World’s Smartest Animals Pass Self-Awareness Test

elephant mirror

Photo Credit: onegreenplanet.org

There are relatively very few creatures on earth that can pass the mirror test, which measures an animal’s ability to recognize itself in the mirror. If they do, they’ve proven themselves as one of the world’s smartest animals.

In fact, self-awareness is potentially one of the most important criteria for personhood. To be self-aware implies to have a concept of self. In the test, a removable dye is applied to the creature. If the animal attempts to touch the dye on his own body when seeing it in a mirror, it passes the mirror test, revealing self-awareness ability. The elephant, pictured above, is said to have a self-awareness level that’s on par with a human’s.

One of the first things animals capable of recognizing themselves in mirrors do is try exploring the other side of the mirror. Elephants like Maxine and Patty , seen in the video below, swung their trunks over and behind the wall on which the mirror was mounted. They kneeled in front of it to get their trunks under and behind it, and even attempted to physically climb the wall. Remarkably, they didn’t appear to at first mistake their reflections as strangers and try to greet them, as many animals that can recognize themselves normally do.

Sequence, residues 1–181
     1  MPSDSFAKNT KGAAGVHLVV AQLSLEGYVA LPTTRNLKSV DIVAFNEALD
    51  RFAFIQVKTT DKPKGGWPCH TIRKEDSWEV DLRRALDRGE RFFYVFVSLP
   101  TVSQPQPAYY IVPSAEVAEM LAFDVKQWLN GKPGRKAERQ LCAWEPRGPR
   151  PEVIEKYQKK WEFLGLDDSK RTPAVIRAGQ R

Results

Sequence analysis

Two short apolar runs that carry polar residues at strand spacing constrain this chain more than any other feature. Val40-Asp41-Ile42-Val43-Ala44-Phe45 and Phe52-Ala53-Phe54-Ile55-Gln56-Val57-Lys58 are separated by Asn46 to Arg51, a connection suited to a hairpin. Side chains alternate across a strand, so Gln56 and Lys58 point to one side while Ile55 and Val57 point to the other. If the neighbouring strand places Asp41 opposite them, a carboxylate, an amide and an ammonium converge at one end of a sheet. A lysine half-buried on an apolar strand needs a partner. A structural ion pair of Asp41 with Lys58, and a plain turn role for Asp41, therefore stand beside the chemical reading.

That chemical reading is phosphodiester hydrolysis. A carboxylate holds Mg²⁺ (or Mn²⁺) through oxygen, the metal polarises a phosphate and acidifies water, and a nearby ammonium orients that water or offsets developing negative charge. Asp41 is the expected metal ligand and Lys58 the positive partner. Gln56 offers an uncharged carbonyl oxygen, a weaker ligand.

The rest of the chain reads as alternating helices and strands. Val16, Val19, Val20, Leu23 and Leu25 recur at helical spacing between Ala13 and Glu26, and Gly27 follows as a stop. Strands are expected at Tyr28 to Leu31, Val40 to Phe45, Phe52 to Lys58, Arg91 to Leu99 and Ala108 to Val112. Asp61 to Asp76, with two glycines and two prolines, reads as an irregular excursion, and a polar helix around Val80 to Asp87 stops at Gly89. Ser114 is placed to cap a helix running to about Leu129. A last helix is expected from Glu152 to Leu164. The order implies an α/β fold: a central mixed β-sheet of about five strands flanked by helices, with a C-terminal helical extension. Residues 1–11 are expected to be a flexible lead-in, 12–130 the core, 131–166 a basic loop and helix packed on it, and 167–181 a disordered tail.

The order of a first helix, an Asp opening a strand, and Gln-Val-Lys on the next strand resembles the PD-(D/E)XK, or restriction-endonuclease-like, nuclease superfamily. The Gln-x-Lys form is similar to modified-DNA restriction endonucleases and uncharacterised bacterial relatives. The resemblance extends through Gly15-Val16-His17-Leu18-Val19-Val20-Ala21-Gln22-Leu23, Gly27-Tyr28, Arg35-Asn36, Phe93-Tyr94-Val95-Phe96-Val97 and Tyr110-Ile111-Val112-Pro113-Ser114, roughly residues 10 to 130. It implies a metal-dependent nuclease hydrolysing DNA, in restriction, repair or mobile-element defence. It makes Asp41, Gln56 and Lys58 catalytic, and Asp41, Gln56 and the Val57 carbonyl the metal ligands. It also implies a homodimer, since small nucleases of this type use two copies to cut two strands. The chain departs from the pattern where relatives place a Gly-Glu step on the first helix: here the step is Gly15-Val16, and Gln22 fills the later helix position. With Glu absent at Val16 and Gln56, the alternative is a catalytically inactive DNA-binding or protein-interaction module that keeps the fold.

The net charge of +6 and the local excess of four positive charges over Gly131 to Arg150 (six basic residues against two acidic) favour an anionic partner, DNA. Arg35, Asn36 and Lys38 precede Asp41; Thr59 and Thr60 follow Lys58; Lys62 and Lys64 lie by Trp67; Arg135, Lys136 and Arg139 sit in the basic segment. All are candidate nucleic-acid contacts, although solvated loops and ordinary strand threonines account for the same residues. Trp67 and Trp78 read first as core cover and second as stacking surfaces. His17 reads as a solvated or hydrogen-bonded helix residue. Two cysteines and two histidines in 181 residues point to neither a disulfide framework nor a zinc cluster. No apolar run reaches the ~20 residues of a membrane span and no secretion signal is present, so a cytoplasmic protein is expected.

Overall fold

Orca

orcas jumping

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Some believe that orcas, among a few other species, are creatures that should be considered a “non-human person,” due to specific aspects of their brain functions. A person, is someone who is self-aware and intelligent, has a consciousness, thoughts and feelings, an ability to solve complex problems, and is able to initiate actions on his or her own volition. Studies of orca brains and their behavior have revealed that they tick many of these boxes and are also capable of recognizing themselves in the mirror. Of course, this also adds to the argument that they should not be held captive.

Chimpanzees

chimps mirror

Photo Credit: world-of-lucid-dreaming.com

Chimps easily recognize themselves in mirrors. Research has found that they’re intelligent enough to distinguish a dye dot and remove it by looking at their own reflections.

Bottlenose Dolphins

dolphins mirror test

Photo Credit: theday.co.uk

Orcas are technically dolphins, so it’s probably not too surprising that bottlenose dolphins also have a level of self-awareness similar to humans. In 2001, two of the dolphins were exposed to reflective surfaces after being marked with black ink, applied with a water-filled marker, or not being marked at all.

The researchers predicted that the dolphins, who had previous experience with mirrors, would not show social responses, would spend more time in front of the mirror when marked, and would move to the mirror faster to inspect themselves. All of this proved to be true, but they even went one step further by consistently selecting the best reflective surfaces to view their new markings.

Other animals that have also passed the mirror test include the super smart bird known as the magpie, orangutans and gorillas.